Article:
With the introduction of the 3.8% net investment income tax (Sec. 1411), and the return of the 20% capital gains rate (Sec. 1(h)) and the 39.6% income tax rate (Sec. 1(i)), America shifted overnight at the start of 2013 from a two-dimensional tax system to a four-dimensional system. [snip]It may only seem that the vast majority of Americans will not have to deal with this complexity; only if a married couple has income over $250,000 (or a single person over $200,000) will they be subject to the investment-income tax.
The complexity of going from a two-dimensional system to a four-dimensional system is exponential, not linear, and requires a quantum leap in tax analysis methodology, tax strategy, and tax planning software tools.
However, more people will be affected than just the supposedly "rich". As taxpayers approach these income thresholds, many will scale back their economic activity to avoid crossing them, just as small businesses avoid having more than 49 employees to escape the penalties of Obamacare.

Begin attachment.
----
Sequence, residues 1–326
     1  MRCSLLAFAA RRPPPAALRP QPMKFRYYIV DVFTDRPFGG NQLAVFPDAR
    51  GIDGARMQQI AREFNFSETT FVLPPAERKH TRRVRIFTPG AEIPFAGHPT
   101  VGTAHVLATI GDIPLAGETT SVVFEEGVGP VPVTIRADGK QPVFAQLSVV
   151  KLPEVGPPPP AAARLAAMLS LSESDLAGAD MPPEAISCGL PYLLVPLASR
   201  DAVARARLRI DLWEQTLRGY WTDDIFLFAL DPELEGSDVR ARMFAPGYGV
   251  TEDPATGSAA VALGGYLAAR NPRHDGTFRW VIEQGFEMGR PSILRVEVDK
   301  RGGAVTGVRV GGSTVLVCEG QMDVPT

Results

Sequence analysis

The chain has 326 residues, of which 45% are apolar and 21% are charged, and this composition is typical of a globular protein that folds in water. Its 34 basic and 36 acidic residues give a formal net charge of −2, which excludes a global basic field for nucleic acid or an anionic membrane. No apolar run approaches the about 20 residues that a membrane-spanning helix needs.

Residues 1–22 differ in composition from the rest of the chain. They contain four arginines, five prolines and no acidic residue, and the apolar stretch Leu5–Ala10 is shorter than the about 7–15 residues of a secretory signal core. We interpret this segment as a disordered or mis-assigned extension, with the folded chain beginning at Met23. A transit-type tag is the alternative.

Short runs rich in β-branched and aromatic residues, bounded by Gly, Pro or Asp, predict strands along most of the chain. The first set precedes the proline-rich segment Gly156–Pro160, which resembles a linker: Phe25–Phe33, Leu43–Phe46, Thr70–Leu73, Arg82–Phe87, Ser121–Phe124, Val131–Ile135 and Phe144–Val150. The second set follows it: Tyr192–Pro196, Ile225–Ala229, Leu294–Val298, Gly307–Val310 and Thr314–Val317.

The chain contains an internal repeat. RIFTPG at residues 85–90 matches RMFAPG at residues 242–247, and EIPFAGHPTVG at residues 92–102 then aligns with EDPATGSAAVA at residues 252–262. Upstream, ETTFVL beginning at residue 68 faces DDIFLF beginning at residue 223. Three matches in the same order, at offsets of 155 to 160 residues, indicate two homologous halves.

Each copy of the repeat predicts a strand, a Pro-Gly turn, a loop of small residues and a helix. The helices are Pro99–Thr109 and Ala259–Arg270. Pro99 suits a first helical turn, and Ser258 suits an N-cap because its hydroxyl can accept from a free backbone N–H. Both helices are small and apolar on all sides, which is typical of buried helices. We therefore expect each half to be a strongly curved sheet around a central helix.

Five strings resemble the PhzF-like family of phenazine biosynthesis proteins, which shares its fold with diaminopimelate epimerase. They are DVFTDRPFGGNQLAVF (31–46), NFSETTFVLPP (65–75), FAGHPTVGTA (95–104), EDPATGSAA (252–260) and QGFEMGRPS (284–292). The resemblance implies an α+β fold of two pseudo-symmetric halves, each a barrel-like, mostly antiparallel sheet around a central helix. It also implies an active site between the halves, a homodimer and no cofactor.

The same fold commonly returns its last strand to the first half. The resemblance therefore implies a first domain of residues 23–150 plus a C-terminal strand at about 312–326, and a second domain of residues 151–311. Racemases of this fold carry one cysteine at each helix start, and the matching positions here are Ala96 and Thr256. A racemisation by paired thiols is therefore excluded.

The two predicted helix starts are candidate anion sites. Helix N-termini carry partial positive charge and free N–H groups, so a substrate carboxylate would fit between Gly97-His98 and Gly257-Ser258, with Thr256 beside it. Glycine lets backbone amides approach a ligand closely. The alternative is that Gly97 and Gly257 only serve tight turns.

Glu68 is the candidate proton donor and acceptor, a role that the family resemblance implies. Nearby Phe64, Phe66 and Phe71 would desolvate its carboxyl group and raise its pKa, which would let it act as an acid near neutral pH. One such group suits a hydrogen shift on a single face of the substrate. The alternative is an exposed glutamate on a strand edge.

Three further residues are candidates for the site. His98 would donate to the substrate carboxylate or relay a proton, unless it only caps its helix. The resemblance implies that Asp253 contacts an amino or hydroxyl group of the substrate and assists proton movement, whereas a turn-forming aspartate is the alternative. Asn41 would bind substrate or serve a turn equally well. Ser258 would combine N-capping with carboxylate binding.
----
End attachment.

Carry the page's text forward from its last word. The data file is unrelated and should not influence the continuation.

Also, the interconnection between income and estate/gift taxes has become much more complicated. It is easy to be unconcerned about the problems of "wealthy" estates, which pay taxes if they are valued at more than $5.34 million, but it wasn't that long ago that having a $1 million estate was an uncommon experience.
In the view of your humble observer, society underestimates the cost of complexity. We regularly come across productive individuals---doctors, accountants, businesspeople---of a certain age who don't mind paying somewhat more in taxes; they hate the hassle of new regulations that have nothing to do with their fundamental business operations. So they are cutting back or quitting altogether. The silver lining--for them, not society--is that if they have been thinking about doing something else with their lives, there's no better time. © 2013 Stephen Yuen